"Top Chef: Last Chance Kitchen" took home an Emmy for Multiplatform Storytelling on Sunday during the Creative Arts Emmy Awards at Nokia Theater.
The folks at Bravo were informed of the win in late August and "Top Chef" host Tom Colicchio took some time out to talk about how "Last Chance Kitchen" functions in the growing world of transmedia.
"It's very effective from the technical side," said Colicchio of the show, which allows chefs eliminated from the television show to compete in a special webisode for a shot at reentering the competition during the finale. "We migrate people from TV to the Web seamlessly."
Colicchio says the reason he thinks "Last Chance Kitchen" has been so popular with viewers (it ranks as the most-viewed Web series in NBCUniversal history) is because "it doesn't feel like a promotion that forces you to go online. It's actually part of the show."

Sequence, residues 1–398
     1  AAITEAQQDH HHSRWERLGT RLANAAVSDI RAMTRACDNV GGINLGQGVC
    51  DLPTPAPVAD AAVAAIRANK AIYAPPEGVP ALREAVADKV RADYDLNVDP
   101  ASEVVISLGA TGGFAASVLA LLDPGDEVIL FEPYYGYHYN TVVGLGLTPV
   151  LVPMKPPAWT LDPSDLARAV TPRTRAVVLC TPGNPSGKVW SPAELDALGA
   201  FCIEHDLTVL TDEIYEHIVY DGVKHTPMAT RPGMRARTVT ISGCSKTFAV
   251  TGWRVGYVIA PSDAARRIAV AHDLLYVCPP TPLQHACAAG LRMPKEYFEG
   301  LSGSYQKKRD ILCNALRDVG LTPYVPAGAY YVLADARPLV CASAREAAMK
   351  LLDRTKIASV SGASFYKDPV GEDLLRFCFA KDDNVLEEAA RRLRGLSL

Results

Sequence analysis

It's also exciting for fans of "Top Chef" because every season there is an audience favorite who gets cut simply for having an off-night or making one bad dish. "Last Chance Kitchen" offers redemption for the worthy. It also allows the chefs to take more risks on the show.
"I think in the back of their heads they know that we're doing 'Last Chance Kitchen' and so they start pushing harder," said Colicchio.
"Last Chance Kitchen" will kick off its third season on BravoTV.com in October during season 11 of "Top Chef," which takes place in New Orleans.
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